Includes Hellebore aphid (Macrosiphum hellebori)
Pest description and damage Several species of aphid are reported from hellebore. The most common is hellebore aphid, a whitish-green aphid that measure 0.08 to 0.16 inch in length and forms dense clusters on the leaves, stems, or flowers, sometimes forming dense colonies. Aphids are often visible, but sometimes are on the undersides of the leaves. So plants should be checked from time to time. Damage includes abundant honeydew and sooty mold or blackening of leaves, or viruses transmitted when the aphids feed.
Biology and life cycle The aphids are reported to overwinter as eggs, or as adults, and hatch in early spring. When the egg hatches, the aphid is called a stem mother. After maturing, she gives live birth to the young. They, in turn, mature and birth more live young. In this way, there may be waves of aphids of different sizes.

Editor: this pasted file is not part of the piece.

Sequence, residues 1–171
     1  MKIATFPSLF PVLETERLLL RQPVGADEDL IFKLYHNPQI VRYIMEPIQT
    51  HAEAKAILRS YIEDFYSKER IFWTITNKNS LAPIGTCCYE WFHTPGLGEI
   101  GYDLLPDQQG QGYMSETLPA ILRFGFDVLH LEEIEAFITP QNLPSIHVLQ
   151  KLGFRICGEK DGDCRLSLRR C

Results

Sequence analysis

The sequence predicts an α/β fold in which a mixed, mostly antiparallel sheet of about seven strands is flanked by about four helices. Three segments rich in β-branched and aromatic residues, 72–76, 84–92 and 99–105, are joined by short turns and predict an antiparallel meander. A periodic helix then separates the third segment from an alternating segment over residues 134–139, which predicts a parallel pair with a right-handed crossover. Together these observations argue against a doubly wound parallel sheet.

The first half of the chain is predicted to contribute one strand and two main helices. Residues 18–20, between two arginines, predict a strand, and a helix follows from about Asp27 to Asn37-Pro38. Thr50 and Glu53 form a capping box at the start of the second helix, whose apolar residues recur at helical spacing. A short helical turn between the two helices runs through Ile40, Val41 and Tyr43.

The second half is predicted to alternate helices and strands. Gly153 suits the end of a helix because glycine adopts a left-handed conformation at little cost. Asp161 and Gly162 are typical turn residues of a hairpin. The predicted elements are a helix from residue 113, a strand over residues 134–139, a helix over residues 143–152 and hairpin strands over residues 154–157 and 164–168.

Monitoring Watch for signs of aphids: honeydew, sooty mold and the white shriveled caste off aphid exoskeletons, or for ants that are harvesting the honeydew. Syrphid fly larvae are found munching on the aphids in the spring. Often natural enemies and ants are noticed even before the aphids are seen. Aphids are partial to succulent new growth. They are common in spring, but are reported in fall and winter as well.
Hosing off aphids with plain water can work where plants are potted or isolated in the landscape.
Releases of lacewing larvae may have some success depending on the size of the aphid population.
See Table 1 in:
Chemical Control of Landscape Pests
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